NEOM Shares its Vision for Future of Cities in Venice Exhibition

The exhibition runs from May 20-September 24, at Abbazia di San Gregorio
The exhibition runs from May 20-September 24, at Abbazia di San Gregorio
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NEOM Shares its Vision for Future of Cities in Venice Exhibition

The exhibition runs from May 20-September 24, at Abbazia di San Gregorio
The exhibition runs from May 20-September 24, at Abbazia di San Gregorio

The historic Abbazia di San Gregorio in Venice will be home to a landmark exhibition entitled, ‘Zero Gravity Urbanism - Principles for a New Livability’.

The exhibition features the proposals of world-leading architects sharing their work on Saudi Arabia's THE LINE and their contribution to this urban revolution. Contributors include Morphosis, Sir Peter Cook, UNStudio, Fuksas, Oyler Wu, DMAA, and Adjaye, among others.

Zero Gravity Urbanism proposes a radical and progressive approach to cities with a sharper view toward balancing nature, livability, and human progress. The proposed model tackles urban sprawl and climate change. In contrast to city development of the last century, it provides a sustainable model that responds to the world’s most pressing environmental and urban challenges while addressing the need to accommodate a fast-growing urban population.

From a conservation perspective, THE LINE proposes a city that can accommodate up to 9 million inhabitants with a land footprint of 2% of that of cities with a similar population. This allows nature to thrive and contributes to protecting 95% of NEOM’s 26,500 km2 land area. THE LINE is also a model for a city fully powered by renewable energy and supported by sustainable water and food production.

From a human perspective, THE LINE, with its 3-dimensional organization of private and public space, provides universal and equitable access to amenities and services. It will also ensure that all residents have direct views and immediate access to nature. The city is car-free and is composed of hyper-mixed-use walkable communities providing 5-minute access to daily needs.

“The work undertaken by NEOM in the last few years will not only be important in the context of THE LINE but will also, in a pro-active and meaningful way, help to engage in the ongoing development of sustainable urban design globally,” said CEO of NEOM Nadhmi Al-Nasr.

As for Antoni Vives, Chief Urban Planning Officer of NEOM, he said that “68% of the world’s population is expected to live in urban areas by 2050. The current global urban model driven by the automobile is failing and must be revisited considering its impact on the environment and people’s wellbeing.”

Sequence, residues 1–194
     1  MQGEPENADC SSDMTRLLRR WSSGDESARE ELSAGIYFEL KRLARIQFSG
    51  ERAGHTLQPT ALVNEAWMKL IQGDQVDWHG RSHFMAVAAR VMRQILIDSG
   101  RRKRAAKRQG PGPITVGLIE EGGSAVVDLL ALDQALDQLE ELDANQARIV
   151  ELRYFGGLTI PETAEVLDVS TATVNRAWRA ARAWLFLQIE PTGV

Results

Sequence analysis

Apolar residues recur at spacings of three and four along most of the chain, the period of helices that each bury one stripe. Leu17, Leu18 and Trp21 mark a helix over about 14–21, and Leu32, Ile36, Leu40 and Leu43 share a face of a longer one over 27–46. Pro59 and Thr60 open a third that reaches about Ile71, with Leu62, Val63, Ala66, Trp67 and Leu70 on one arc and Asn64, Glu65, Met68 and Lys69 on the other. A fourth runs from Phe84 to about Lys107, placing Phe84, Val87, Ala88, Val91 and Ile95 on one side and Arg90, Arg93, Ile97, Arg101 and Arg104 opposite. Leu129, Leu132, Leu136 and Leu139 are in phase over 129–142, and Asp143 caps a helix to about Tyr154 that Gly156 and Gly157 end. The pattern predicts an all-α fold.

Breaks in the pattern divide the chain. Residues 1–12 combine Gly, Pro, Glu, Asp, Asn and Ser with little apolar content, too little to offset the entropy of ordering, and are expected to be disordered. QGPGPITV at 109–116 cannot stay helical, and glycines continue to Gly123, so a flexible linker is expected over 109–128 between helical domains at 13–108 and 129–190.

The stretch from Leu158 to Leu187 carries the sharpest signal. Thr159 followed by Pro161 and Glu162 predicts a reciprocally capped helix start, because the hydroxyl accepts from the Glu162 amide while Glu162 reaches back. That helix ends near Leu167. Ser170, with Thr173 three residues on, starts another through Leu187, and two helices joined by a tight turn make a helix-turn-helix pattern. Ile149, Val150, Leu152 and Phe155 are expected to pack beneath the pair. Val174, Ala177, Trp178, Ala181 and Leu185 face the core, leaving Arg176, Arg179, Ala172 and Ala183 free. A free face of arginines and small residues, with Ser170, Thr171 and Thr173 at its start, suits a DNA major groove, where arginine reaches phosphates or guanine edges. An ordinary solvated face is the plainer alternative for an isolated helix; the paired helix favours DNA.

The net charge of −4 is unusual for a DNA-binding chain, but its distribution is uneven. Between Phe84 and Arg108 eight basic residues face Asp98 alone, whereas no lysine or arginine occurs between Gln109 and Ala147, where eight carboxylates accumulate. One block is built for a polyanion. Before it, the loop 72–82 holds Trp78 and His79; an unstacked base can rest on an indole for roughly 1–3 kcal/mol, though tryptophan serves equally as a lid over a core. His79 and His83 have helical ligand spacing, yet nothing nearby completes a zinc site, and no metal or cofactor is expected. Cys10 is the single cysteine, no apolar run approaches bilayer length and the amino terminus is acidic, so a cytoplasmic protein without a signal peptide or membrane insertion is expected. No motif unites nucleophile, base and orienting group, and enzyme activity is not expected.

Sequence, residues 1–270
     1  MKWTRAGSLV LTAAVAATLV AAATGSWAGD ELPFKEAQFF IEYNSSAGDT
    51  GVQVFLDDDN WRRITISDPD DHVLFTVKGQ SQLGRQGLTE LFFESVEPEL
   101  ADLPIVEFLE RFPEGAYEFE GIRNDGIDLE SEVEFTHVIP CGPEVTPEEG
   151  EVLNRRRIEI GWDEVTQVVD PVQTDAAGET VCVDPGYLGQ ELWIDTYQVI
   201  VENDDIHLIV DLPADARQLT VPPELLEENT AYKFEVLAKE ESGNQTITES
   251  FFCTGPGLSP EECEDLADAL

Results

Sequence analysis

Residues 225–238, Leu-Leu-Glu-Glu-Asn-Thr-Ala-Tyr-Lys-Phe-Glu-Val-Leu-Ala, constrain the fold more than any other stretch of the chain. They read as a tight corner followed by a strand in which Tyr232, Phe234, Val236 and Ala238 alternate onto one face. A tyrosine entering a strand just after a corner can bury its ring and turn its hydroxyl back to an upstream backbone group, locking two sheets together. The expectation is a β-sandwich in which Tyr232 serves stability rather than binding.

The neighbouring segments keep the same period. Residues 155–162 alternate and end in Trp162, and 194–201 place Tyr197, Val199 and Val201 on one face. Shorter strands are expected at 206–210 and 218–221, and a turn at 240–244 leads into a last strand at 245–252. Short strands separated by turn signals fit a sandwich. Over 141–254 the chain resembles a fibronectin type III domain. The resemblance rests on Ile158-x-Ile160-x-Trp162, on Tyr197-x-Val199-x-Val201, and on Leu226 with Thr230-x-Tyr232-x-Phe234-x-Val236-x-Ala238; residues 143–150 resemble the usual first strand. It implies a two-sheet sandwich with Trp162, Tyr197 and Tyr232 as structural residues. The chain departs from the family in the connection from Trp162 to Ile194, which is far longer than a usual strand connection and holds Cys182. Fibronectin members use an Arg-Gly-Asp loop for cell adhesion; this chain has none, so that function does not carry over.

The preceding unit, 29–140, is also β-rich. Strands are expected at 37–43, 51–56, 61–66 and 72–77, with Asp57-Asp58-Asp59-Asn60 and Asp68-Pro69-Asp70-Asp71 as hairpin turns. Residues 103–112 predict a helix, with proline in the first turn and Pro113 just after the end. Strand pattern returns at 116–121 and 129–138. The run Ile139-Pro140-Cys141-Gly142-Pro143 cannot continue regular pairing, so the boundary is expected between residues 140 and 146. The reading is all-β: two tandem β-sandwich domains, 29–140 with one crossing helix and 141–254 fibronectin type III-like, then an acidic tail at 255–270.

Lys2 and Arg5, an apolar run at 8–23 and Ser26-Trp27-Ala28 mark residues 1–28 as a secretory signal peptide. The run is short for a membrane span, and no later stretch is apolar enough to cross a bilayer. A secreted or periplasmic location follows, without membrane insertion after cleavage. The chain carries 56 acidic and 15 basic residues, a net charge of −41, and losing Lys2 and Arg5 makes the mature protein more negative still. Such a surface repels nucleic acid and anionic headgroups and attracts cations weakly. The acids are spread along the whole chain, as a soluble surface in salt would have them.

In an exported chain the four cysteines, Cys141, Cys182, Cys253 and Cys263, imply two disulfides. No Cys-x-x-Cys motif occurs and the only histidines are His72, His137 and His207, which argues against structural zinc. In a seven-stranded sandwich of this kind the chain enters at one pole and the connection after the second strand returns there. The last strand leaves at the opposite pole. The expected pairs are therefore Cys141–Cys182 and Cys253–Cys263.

“Working on THE LINE with some of the most recognized designers and research institutions has resulted in a significant body of work that re-establishes our urban realm as a space for human and cultural exchange,” Tarek Qaddumi, Executive Director of Urban Planning of NEOM, said.
The exhibition runs from May 20-September 24, at Abbazia di San Gregorio and will host speaking events, educational programs, and round tables featuring leading architects, academics, and urban thinkers from around the world.



Medieval Mummies 'Beyond Repair' after Dublin Church Fire

Police in Ireland. Reuters file photo
Police in Ireland. Reuters file photo
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Medieval Mummies 'Beyond Repair' after Dublin Church Fire

Police in Ireland. Reuters file photo
Police in Ireland. Reuters file photo

Five medieval mummies preserved in the crypt of a Dublin church have likely been damaged beyond repair by a fire and water used to douse the flames, a church official said on Wednesday.
The five sets of remains, preserved for hundreds of years in the crypt of the 11th century St. Michan's Church in central Dublin, include the remains of a crusader and are a tourist attraction in the city, Reuters reported.
An intruder broke into the crypt on Tuesday afternoon and started the fire and firefighters used water to put it out, the Church of Ireland Archbishop of Dublin, Michael Jackson, told RTE radio.
"The combination of fire and water have done significant damage to the mummies... I honestly don't know exactly what the extent of that is, but my fear like that of others is that the damage is irreparable," Jackson said.
The remains are due to be examined by experts from the National Museum of Ireland to see if anything can be salvaged, he said.
The vicar of the church, David Pierpoint, told RTE he thought the mummies were "beyond repair."